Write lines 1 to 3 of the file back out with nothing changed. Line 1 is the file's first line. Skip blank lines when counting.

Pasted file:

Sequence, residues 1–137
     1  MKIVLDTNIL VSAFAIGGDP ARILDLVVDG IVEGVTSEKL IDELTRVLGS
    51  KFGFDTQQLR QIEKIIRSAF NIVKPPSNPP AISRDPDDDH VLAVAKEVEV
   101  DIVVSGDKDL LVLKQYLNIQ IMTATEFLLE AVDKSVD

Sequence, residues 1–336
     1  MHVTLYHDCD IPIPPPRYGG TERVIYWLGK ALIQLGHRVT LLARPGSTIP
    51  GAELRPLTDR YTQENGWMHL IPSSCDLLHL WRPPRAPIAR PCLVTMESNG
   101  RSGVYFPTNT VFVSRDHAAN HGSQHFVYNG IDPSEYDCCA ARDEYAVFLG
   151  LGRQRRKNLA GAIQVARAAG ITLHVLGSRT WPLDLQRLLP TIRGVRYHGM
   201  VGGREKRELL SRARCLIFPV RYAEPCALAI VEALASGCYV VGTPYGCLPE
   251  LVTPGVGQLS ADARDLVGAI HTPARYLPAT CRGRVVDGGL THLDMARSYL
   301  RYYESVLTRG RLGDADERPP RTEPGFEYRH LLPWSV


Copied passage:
Sequence, residues 1–137
     1  MKIVLDTNIL VSAFAIGGDP ARILDLVVDG IVEGVTSEKL IDELTRVLGS
    51  KFGFDTQQLR QIEKIIRSAF NIVKPPSNPP AISRDPDDDH VLAVAKEVEV